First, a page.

New Asian Cool – The Radical, Revelatory Films of Pratibha Parmar
Pratibha Parmar is an under-appreciated heroine of British filmmaking. For four decades, Parmar has made provocative, playful and progressive films which dig into questions of identity with nuance and style. An activist at heart, Parmar has frequently confronted taboos, taking on AIDS stigma in Reframing AIDS (1987), Female Genital Mutilation in Warrior Marks (1993), and disability and sexuality in Double the Trouble, Twice the Fun (1992). Watching today, it’s remarkable how often Parmar’s films confront current hot topics, touching upon timely questions around cultural appropriation, tokenism and institutional racism. Yet while the issues she discusses are vital, her films never feel like hard work. Parmar’s films brim with punk spirit, taking on tricky subjects with verve and vibrancy, while refusing to water down her subject matter for a white audience.
So why isn’t Parmar your favourite documentary maker? While she’s long been a legend in feminist circles, her films remain underseen by wider audiences. Part of the reason for this is that much of her work is not straightforward to stream digitally and public access remains patchy. In June, however, there was a chance to see several of Parmar’s rarely screened films as part of a two-part retrospective organised by the London Indian Film Festival.
The prolific Parmar is not easily pigeonholed – alongside documentaries, she’s directed fiction shorts, features and television, including most recently an episode of Ava DuVernay’s Queen Sugar. It’s impossible to summarise her work in two screenings, so LIFF have chose to focus on her films which examine British Asian and diasporic culture in the 1980s and 1990s. The result is a fascinating time capsule, a glimpse into a unique socio-cultural moment, and a call to arms for audiences and artists today who feel frustrated by how far we still have to go.
Right from the start, Parmar has used her platform to centre other artists. Her first video piece, Emergence (1986), collages together the work of African American poet Audre Lorde, Palestinian performance artist Mona Hatoum, British Indian conceptual artist Sutapa Biswas and Guyanese Chinese writer Meiling Jin. It’s easy to draw shallow parallels between these artists – all women of colour, all from diasporic backgrounds – but Parmar’s skill lies in her ability to draw out commonalities without oversimplifying.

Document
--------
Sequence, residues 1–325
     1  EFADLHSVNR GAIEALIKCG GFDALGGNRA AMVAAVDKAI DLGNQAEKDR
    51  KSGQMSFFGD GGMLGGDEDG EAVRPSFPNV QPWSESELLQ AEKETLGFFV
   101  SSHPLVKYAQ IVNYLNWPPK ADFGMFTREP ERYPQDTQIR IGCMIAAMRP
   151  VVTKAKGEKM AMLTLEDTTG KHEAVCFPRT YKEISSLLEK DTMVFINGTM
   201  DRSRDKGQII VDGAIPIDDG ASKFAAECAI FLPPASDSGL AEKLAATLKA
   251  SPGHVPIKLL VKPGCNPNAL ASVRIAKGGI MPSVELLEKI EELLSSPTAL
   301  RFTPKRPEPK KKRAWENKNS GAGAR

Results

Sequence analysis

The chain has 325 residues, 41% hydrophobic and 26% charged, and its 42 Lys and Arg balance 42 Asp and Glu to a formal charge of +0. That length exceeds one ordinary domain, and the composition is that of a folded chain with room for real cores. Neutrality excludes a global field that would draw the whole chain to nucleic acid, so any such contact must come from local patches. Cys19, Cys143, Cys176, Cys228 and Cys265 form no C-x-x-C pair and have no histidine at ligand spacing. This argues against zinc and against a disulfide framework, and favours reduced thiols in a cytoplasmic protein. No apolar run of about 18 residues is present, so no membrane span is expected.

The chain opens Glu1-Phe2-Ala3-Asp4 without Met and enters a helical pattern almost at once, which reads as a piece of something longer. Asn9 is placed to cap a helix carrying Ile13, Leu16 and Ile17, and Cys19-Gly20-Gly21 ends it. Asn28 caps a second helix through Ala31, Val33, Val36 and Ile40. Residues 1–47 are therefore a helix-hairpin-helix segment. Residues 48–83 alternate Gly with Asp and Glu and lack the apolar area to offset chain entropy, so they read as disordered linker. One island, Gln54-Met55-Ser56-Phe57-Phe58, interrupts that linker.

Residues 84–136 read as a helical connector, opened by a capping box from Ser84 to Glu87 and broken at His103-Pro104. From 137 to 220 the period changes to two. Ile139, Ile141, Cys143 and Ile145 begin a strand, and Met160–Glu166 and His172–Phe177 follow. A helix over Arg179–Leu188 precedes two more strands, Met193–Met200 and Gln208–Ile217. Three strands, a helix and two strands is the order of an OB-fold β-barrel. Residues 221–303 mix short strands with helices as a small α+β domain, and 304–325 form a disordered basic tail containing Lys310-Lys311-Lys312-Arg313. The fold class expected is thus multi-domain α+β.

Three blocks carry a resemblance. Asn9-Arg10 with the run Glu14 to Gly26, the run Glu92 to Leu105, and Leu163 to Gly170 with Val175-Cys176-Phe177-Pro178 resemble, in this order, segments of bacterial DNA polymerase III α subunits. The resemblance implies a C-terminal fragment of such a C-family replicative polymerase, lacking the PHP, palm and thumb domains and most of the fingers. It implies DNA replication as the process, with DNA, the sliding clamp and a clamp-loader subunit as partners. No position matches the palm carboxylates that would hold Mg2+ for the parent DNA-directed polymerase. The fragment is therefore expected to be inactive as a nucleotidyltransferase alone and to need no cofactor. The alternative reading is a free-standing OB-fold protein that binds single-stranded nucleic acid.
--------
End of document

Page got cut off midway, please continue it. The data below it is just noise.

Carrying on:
Instead of lumping her subjects together, Parmar builds a distinct visual world for each artist. So, Biswas stares out at us confrontationally in front of her large, colourful canvases, while Jin is shot bathed in bluish light, half in shadow, reciting poems with forceful passion. Hatoum sits at a table, calmly describing a performance – “a statement about the persistent struggle to survive in a continuous state of siege” – framed with an intimacy that makes it feel as if we are sat right across from her. Most striking of all is Lorde, who appears hovering on a screen, every inch the star in black sunglasses, her electrifying words beamed in like a dispatch from another planet. By allowing these artists to shine as individuals, Parmar creates space for the audiences’ own interpretations. The result connects art across mediums and geographies, without flattening difference.
This ability to celebrate artists from diverse backgrounds without defining them purely through identity politics is a key strength of Parmar’s filmmaking. It would be easy to suggest that this skill stems from her own intersectional identity – Parmar is of Indian descent, moved from Kenya to the UK as a child, and is openly queer – but in the spirit of the filmmaker, let’s avoid such a simplistic conclusion. While context is helpful to an extent, it is only one piece of Parmar’s overall creative identity.
Parmar often profiles other artists, but that does not mean that her filmmaking purely serves the work of others – these films reveal as much about her own artistry as they do about her subjects. Memory Pictures (1989) and Flesh & Paper (1990), are two short profiles, focusing respectively on the photographer Sunil Gupta and the poet Suniti Namjoshi, both artists born in India who are now based abroad. Both films include extended interviews and insights and snapshots of the artists’ work, but they also demonstrate a creative ambition that stretches beyond simple biography.
In Memory Pictures, a mysterious storyteller (Meera Syal) serves as a kind of narrator, reciting verse, reflecting on the nature of memory and eventually appearing at the film’s conclusion as a visitor at Gupta’s exhibition. Syal’s character places Gupta within a tradition of diasporic storytelling, connecting his photography, which explicitly explores his identity as a gay, Indian man in the US, with the hidden histories of his forebears. In a scene that feels keenly relevant to today’s culture wars, Syal stands before a statue of Lord Lawrence, Viceroy of India, and scornfully challenges the monument’s vague plaque. “You called it a mutiny, we call it a war of independence,” she declares. “Through these twists and turns of history we meet again and again, and we remember the blood and the bones that have turned to dust.”